Apr
24
2014
By the Numbers: Who wins big? And who’s a choker?
By WUP Staff under By the Numbers
Shockign: Tiger wins a lot when he's in contention

Shocking: Tiger wins a lot when he’s in contention

If you’ve been watching the PGA Tour for the past month, then you’ve seen a great deal of Matt Kuchar. If you are like me (and you should be thankful you’re not), you were sitting there pondering to yourself, “Man, this guy sure seems to get into contention a lot, but doesn’t seem to win that much.” Again, if you are me, you then set out to see how often players on the PGA Tour really convert good finishes into wins (this is probably when you should start pointing and laughing and being glad you’re not like me). 

To start, I felt as if I needed to lay down a few simple ground rules. First, I was interested in how frequently the players that were often near the top of the leaderboards converted being in contention to winning. To figure that out, I calculated the top 10% — the number of top 10s a players had divided by the total number of each individual’s starts.

I was then interested in how often the top 25 best/most consistent players in any given year actually turned those top 10s into wins. Remarkably, for the past five years (2010-2014), that percentage of top 10s into victories has been roughly stable at 12%

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However, from year to year, there is a great deal of variation the individual golfers who are the most consistent. A player will have a great year, but most of the time, they tend to finish more in the middle of the pack. So, what about those golfers who have been the most consistent over a long period of time — do they win more often?

To answer the question, I looked at the top 25 golfers in terms of top 10% over the last 5 years, with a minimum of 50 starts (for sample size purposes and that’s also roughly two years), which unfortunately eliminated Jordan Spieth. The win percentage amongst these players, who have been the best over a period of time, was higher, but not significantly: They translated those top 10s into wins at a rate of just over 14%. To sum up, winning on the PGA Tour is really hard, even for those players who give themselves the most chances.

To get back to Matt Kuchar — does he really not win as often as he should? The data says no. In fact, Kuchar wins at almost exactly the rate that he should, translating his top 10s into wins 11% of the time. He does have the third highest top 10% of the last 5 years, though, with only Luke Donald and Rory McIlroy ahead of him.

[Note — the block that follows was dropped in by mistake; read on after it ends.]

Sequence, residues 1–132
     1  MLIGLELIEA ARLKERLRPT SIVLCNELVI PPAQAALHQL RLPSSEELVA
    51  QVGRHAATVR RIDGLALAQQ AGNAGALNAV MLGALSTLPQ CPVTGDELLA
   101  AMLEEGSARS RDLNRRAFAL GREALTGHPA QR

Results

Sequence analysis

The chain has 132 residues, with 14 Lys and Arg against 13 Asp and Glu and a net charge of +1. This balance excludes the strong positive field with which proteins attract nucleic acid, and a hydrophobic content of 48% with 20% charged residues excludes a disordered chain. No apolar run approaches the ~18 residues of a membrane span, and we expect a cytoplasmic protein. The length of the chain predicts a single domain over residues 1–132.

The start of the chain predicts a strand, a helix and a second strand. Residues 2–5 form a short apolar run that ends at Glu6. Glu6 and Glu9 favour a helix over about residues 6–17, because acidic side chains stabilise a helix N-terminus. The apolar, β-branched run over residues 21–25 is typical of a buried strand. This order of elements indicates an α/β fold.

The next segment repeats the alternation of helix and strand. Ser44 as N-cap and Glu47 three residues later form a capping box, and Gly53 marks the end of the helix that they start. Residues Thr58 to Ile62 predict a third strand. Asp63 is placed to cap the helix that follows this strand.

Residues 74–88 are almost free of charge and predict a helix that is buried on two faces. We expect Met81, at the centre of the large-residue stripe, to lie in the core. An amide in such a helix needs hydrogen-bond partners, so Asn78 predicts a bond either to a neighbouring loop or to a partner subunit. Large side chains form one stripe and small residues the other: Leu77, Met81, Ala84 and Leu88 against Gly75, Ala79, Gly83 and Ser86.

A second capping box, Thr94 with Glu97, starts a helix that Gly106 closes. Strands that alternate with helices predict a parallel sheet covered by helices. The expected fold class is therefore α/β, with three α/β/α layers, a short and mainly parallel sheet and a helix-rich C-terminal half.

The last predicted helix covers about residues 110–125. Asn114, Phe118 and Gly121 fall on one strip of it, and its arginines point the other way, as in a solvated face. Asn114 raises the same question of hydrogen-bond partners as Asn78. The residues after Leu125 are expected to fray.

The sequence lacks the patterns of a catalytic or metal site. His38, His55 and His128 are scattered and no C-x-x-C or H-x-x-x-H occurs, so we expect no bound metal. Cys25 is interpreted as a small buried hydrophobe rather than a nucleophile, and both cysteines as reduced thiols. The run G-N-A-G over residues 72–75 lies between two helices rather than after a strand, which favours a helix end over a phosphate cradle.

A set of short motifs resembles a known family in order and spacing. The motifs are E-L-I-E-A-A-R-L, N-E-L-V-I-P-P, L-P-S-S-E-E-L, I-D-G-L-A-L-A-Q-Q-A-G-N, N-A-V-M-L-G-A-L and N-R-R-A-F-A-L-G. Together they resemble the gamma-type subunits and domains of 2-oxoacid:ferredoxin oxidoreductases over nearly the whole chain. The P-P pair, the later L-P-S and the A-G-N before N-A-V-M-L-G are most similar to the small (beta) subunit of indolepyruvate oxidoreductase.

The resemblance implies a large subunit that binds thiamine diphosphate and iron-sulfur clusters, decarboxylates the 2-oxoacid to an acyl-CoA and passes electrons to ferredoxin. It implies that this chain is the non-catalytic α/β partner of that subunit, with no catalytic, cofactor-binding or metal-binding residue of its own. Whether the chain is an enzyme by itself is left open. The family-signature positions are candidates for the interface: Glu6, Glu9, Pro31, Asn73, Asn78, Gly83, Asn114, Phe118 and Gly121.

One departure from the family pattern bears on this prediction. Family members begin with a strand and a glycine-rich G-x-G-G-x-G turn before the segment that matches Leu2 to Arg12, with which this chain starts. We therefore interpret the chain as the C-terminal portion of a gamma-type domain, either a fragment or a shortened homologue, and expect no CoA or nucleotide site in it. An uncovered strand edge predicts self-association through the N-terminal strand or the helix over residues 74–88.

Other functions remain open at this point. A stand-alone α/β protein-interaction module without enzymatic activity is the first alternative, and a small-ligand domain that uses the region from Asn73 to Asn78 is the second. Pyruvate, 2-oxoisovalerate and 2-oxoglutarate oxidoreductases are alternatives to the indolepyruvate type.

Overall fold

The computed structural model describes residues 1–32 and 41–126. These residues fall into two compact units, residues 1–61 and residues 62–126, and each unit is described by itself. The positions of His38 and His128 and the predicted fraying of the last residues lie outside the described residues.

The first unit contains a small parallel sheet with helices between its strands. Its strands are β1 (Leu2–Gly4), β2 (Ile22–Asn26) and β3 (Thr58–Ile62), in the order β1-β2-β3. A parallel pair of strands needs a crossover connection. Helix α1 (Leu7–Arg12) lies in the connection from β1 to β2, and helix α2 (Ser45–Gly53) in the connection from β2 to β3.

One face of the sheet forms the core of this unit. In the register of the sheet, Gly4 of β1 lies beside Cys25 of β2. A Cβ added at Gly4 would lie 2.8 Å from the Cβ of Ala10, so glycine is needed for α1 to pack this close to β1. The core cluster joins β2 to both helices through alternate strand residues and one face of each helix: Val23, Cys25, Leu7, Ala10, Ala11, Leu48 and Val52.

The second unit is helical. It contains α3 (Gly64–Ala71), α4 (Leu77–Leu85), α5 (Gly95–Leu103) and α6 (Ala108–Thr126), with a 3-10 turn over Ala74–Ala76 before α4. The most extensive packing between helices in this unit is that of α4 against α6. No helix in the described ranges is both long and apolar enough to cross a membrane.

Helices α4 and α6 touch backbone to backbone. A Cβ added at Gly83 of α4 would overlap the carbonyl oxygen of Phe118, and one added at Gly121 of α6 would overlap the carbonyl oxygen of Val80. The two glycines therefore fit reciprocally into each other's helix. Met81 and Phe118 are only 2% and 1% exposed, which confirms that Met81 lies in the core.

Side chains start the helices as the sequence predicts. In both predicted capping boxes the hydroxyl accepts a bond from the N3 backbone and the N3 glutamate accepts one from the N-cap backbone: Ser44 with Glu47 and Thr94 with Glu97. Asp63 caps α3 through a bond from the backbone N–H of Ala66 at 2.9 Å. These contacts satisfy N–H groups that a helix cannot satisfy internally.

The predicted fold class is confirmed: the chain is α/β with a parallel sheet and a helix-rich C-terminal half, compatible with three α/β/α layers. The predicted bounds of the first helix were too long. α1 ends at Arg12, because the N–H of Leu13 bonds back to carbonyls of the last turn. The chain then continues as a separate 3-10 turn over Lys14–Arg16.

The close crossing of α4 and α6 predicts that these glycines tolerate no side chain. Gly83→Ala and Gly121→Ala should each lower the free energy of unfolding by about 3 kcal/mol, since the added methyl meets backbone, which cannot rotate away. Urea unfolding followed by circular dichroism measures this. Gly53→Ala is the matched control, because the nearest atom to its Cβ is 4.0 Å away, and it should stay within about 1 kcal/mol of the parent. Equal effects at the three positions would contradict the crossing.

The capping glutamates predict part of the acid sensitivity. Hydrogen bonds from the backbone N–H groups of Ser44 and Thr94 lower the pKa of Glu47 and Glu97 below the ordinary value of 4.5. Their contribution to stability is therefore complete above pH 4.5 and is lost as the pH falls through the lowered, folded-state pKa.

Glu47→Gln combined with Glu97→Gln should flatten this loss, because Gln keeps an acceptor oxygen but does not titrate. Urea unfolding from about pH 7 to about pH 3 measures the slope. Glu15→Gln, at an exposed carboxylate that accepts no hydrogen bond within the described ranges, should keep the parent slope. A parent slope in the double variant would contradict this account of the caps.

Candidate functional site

Who are the top 25 players that are not up to par at translating their top-10 finishes into wins? Well, at the bottom of that list is Retief Goosen, who has 16 top-10 finishes in the last 5 years and zero victories. He is followed by — names that should be no surprise to most serious golf fans –- 24. Lee Westwood, 23. Sergio Garcia, 22. Charl Schwartzel, and 21. Ryan Moore.

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The five PGA Tour players who have been the best at converting being in contention into victories over the past five years (in reverse order): T4. Bill Haas and Zach Johnson, 3. Rory McIlroy, 2. Bubba Watson, and 1. Tiger Woods.

In fact, Tiger has won 38% of the events in which he has finished in the top 10 — an astounding percentage. Bubba, who was second best, is only at 26%. For his career, Tiger has converted a mind-boggling 42% of his top 10s into victories.

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Oh, and as for Patrick “Top 5” Reed, if he wants to back up that statement, he might want to try contending more often. The two victories he has had this year were also his only top 10s. Nobody in the last five years has won more than twice in a season without also being in the top 25 in top 10%.

The next time you see a big name or any Tour pro, struggling to turn productivity into a victory — maybe cut them some slack, winning consistently on the PGA Tour might be the hardest thing to do in all of sports, even for the very best.

–Shoshana Agus-Kleinman (@shosheak)

You can email Shoshana at seak05@gmail.com